Saturday, January 30, 2010

Wines of Lazio: Tufaliccio

    Wines of Lazio: Tufaliccio

     A few weeks ago I posted about our day trip to the town Cori and our lunch there.  While we were driving home we stopped by the cantina of Marco Carpineti and tasted a few of his wines and bought a case of Tufaliccio.  Mr. Carpineti was extremely hospitable and generous, and we enjoyed the visit to the winery.  As I am on a mission to promote all that is good in the region of Lazio outside of Rome,  I am happy to write about wines that we encounter that go beyond Cabernet Sauvignon.  I also really want to like these wines but I am afraid, sometimes, they fall short.  The vineyards of Carpineti are certified organic, which is wonderful because when you drink the wine you are not going to be ingesting pesticides or fertilizers.  The grapes grown are all native Laziale grapes, meaning, they are native to the area.  He is not planting grapes for the international market, instead, he is trying to market wines made from grapes of the region.  My type of wine, it seems.  I'll take  a raw, earthy, and volcanic Lazio wine over an industrial California Cab any day of the week!  I wanted so badly to be in love with this wine and for it to be the next big thing coming from Italy, but it fell short.  it is not that it is a bad wine that I never want to drink again, on the contrary, it is wine I would drink almost every day, but I wouldn't walk on fire for.  It is great table wine for people who eat the foods of Lazio.  It cost me €6 a bottle, it is a good deal for a decent table wine made with native grapes using organic farming methods.

     What is unclear, even after our visit, is what are the exact wine making methods.  I found Mr. Carpineti very friendly and open to questions regarding his wines but not very straight forward with his answers.   For example I asked about use of natural yeast and his answer was,  “Sometimes we do and sometimes we don’t, it just depends.”  Well, this is an important question.  Natural wine making is a dying art, people.  I want to know who is maintaining these traditions so I can support them and drink their wines.  While we were there the enologist came in briefly.   I quite liked him as he was dirty and looked like a farmer.  He was laughing and not trying to seduce us with conversation, in fact, I think he barely said hello.  Mr. Carpineti gave us great historical information about the grapes used, all native to Lazio.  These grapes include arciprete(W) which is a Cori native, bellone(W) which my dog is named after, malvasia(W)nero buono(R), cesanese(the laziale star of the moment), and a few others.    When we visited they were completely sold out of all their white wines, so we were unable to taste those.  This was not a problem as I have actually used Carpineti white wines for guided tastings I lead.  Tufaliccio is made of 70% Montepulciano and 30% Cesanese.  Montepulciano is the most used black grape in the region of Abruzzo, and cesanese is used in Lazio's first DOCG designated wine, Cesanese del Piglio.  For some reason, on their website, it says Sangiovese instead of Cesanese, but it is Cesanese.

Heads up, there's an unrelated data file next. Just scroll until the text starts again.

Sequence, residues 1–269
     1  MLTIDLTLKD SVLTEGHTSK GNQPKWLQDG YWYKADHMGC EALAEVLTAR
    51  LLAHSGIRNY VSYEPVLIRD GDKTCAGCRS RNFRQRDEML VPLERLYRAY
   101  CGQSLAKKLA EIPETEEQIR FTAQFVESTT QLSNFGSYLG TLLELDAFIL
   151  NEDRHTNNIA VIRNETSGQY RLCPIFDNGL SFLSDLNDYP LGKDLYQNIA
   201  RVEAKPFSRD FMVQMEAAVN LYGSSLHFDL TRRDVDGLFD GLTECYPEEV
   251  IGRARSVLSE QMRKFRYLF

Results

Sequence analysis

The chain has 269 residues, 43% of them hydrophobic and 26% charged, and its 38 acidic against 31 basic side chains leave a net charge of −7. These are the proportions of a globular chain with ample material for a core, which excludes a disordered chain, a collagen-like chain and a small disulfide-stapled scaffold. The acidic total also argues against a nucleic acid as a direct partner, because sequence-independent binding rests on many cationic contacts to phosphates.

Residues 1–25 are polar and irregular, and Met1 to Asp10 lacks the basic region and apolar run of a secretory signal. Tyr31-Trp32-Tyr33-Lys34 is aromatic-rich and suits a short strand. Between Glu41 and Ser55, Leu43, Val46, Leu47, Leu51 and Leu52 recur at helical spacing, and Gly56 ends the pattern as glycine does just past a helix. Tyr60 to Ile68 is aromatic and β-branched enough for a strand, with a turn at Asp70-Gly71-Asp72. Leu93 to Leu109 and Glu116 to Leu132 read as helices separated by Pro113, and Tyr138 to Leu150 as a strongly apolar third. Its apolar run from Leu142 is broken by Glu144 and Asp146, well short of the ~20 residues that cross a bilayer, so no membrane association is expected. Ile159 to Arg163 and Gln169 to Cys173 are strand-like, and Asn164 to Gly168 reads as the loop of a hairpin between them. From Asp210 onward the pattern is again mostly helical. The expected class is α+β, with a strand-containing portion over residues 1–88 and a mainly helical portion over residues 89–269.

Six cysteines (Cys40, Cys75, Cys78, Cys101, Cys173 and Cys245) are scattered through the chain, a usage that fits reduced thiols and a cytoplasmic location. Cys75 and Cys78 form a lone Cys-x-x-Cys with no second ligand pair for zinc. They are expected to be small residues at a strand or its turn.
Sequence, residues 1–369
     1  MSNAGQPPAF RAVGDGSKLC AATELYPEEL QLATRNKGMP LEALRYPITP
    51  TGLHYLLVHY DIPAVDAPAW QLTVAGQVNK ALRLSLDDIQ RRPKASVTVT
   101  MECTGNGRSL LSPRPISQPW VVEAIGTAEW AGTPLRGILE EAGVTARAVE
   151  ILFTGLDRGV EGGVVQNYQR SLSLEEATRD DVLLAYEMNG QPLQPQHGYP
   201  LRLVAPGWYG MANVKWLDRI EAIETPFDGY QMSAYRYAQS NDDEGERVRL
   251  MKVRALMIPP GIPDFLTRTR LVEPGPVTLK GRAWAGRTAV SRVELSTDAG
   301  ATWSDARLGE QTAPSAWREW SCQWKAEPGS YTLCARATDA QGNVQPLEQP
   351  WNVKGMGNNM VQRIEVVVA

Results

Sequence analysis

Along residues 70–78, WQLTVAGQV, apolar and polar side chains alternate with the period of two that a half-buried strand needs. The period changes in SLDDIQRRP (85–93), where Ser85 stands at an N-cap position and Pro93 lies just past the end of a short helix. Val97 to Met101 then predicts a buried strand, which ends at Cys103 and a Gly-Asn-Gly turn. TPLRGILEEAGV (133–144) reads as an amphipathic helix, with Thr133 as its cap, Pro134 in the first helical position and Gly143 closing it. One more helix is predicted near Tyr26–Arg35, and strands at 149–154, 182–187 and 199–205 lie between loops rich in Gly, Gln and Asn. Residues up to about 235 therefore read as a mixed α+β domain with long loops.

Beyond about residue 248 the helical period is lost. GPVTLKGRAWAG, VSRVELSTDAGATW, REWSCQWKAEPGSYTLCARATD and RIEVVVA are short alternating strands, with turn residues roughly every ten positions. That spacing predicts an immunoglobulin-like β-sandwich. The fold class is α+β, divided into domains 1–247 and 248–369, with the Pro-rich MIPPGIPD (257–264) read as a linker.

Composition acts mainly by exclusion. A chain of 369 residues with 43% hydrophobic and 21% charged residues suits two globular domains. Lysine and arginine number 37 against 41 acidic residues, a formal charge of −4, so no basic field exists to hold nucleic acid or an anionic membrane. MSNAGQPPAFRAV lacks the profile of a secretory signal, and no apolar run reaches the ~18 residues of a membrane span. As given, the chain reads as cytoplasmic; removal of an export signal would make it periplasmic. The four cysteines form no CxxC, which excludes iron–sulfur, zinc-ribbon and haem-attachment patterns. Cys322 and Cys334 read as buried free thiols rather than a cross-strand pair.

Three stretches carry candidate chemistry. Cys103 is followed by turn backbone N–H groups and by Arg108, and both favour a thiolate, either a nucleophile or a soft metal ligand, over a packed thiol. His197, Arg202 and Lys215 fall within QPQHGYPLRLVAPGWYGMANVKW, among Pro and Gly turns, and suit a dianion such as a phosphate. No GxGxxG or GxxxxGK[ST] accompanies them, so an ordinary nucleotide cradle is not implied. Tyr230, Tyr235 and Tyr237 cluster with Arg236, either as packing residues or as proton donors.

This wine has a lovely ruby red color that is quite clear without sediment.  It had very lovely tones of blackberries, dark red roses, hints of licorice, and an earthiness that seemed to convey mushrooms or even walnuts.  I found it very herbal, earthy and meaty.  By this I mean it really had an undertone of something animal, like wet dog, but not in an inviting manner.  I find all of Lazio wines are very mineral, and this was no exception.  The earth here is very volcanic.  I also felt like I could smell the sea, it was somewhat saline.    The wine was dry, medium-full bodied, slightly fresh with nice clean tannins.  There was no vanilla or oak, and it maintained its dignity in that respect, it ferments  in stainless steel.  It was also not overtly fruity, either.    I wouldn’t say this is a particularly well rounded wine.  I found it lacked freshness and a good back bone, but then again, this is clearly a wine that is ready to drink.   It also had a slight bitterness that I found appealing.  What I liked about this wine is that it is not sterile or perfect.  It has its flaws, but they are upfront.    This is a quality I find is a thread between many of Lazio’s wines.  I think it pairs well with mushrooms dishes, field greens, and even a simple pasta.   


    The next time I visit Cori, I will again make a stop at the Marco Carpineti vineyard and buy a few cases of different wine for daily consumption. As they say, if it grows together, it goes together.  I eat as much food as I can from Lazio, and I would like my home drinking to be as much from Lazio as possible.